Through the sliding doors she came one hip at a time: the most beautiful woman he had seen in his life.
It is a strange thing to suddenly find the most beautiful woman you have seen in your life. If you know this, then you are in rare company. Furthermore, you know exactly the feeling, and you do not doubt it. To others it is inexplicable, but this is how you know it sublime.
A rush of ancient endorphins– a budding, childlike awe– a sudden and certain faith in God and yourself and the United States of America. And last comes a gripping and strange sadness, perhaps because you know that you cannot remain here forever in the presence of beauty.
The long months he’d spent without Alice now vanished. Almost a year he had tried somehow to forget, wondering all the time if he had not made some serious error in judgement, and here was the answer. Ornery Alice wilted like smoke. If he were still with Alice, she would not have let him look at this woman. That was everything he needed to know.
He had read once that Homo erectus used to find mates at the watering hole. A hominid which fed itself properly was a good mate– naturally. He checked his cart and found that he had loaded up on fruits and the vegetables.
What the hell is the matter with you? came the avalanche. Very embarrassed– and very aware that his mouth was wet and hanging wide open– he shoved away into the frozen foods section.
I hope she didn’t catch you staring, he chastised himself. You can’t go around ogling women like that. What are you, some kind of caveman?
A tinny pop song rained down from the rafters and soaked the sterile grey aisle in robotic bubblegum. Oh la la la la ha, it said. Oh la la la la ha.
Out of the corner of his eye, he noticed the woman was now inspecting a mountain of inflated bananas. Still shy from his prior transgression, he pretended to read a for-sale sign in order to get a good look.
She wore a fur coat, a tan skirt, and black tights. Her be-hind was tight and plump and her dark hair was damp from the rain. With a petite hand she picked up two navel oranges, squeezed them, and bagged them. Then she yawned lazily, stretching her mahogany lips into an O, and turned her shopping cart toward him.
Look away! As soon as she wheeled his direction, he cast his eyes on the ground. But this time, he did not run. He thought of the long empty months without Alice, and he made up his mind that, if– and only if– he ran into the woman in the natural course of his grocery shopping, he would make conversation. His grandmother, he remembered, had met his grandpa at the corner store.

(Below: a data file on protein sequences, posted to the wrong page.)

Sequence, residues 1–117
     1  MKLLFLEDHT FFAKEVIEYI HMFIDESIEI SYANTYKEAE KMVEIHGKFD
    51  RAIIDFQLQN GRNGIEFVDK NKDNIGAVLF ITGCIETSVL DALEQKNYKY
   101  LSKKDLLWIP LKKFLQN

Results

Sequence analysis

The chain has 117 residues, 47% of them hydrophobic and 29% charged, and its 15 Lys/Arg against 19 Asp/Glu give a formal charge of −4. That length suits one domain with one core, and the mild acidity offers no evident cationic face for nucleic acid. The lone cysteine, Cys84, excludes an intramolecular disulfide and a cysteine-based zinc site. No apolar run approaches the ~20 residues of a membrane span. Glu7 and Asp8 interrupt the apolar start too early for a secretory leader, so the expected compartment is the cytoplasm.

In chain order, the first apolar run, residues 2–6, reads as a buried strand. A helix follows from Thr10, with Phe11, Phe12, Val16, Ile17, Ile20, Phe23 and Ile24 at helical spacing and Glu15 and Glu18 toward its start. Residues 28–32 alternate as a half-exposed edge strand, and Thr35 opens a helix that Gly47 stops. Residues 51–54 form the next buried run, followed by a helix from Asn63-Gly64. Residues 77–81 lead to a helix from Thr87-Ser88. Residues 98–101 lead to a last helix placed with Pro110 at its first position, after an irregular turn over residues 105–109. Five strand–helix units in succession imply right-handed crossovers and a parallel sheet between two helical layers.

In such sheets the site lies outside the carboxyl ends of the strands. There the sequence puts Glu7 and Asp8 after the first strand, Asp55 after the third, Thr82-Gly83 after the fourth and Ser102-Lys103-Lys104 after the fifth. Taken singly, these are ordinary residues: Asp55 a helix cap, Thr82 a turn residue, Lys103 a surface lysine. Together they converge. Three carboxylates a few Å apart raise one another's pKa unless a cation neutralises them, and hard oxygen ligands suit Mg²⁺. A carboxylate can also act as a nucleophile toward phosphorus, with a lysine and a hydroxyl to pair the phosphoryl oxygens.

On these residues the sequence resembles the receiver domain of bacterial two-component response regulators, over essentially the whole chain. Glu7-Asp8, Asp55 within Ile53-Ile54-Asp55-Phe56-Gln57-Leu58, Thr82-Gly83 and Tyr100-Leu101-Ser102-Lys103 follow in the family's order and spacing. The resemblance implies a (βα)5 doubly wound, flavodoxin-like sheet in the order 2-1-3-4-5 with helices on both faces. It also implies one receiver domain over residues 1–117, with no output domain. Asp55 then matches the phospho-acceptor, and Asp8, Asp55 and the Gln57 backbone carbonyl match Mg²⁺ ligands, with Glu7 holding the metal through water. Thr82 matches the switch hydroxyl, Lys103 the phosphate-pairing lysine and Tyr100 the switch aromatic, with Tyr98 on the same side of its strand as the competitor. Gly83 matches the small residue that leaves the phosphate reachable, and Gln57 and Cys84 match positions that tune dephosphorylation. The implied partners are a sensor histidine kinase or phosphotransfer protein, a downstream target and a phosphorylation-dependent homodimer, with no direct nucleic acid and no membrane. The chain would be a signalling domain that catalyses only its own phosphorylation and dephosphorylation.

Oh la la la la ha, said the ceiling. Oh la la la la ha.
Now was the business of accidentally running into her, and telling himself it was natural. Five minutes went by before he saw her again; now, his heart jumped into his throat as she crept up the cookie aisle where he hung around. He hastily grabbed two Oreo boxes and pretended to read them, watching her walk all the while.
The hair on his neck stood on end; he had never smelled such a pungent aroma in his whole life: an intoxicant mix of perfume and shampoo. Now, he could see her in full. She had brown eyes, elfin ears, a curious, pointed nose. Wildly, he checked her left hand. It was empty. She walked right up next to him, until he could have reached out and touched her, and she turned to the Oreo shelf. It occurred to him that, just as his eyes were following her, she seemed to be following him.
This is it, he told himself. Now is your chance.
But what is there to say?
He thought very hard. Then, just as suddenly as the sparks in his chest had leapt when he first saw the woman, the fire blew out, and he drooped. Nowhere in him was there anything left of his ancestral courage.
How are you doing?
I’m good, she would say.
Tired of all this rain yet?
Sure am, she would say.
Milk’s Favorite Cookie?
He cursed deep inside. Then they turned towards each other at once, and their eyes locked for one flaming moment. On their lips sprawled the parallel message: a flat, awkward, deferent half-smile, then the ghost of a nod. Then came the aversion of eyes, and the sensation of burning flesh, and the singular, death-knell acceptance that this was not the time or the place for behaving like animals.
Oh la la la la ha, wept the ceiling. Oh la la la la ha.
Oh, he thought miserably, how I miss Alice.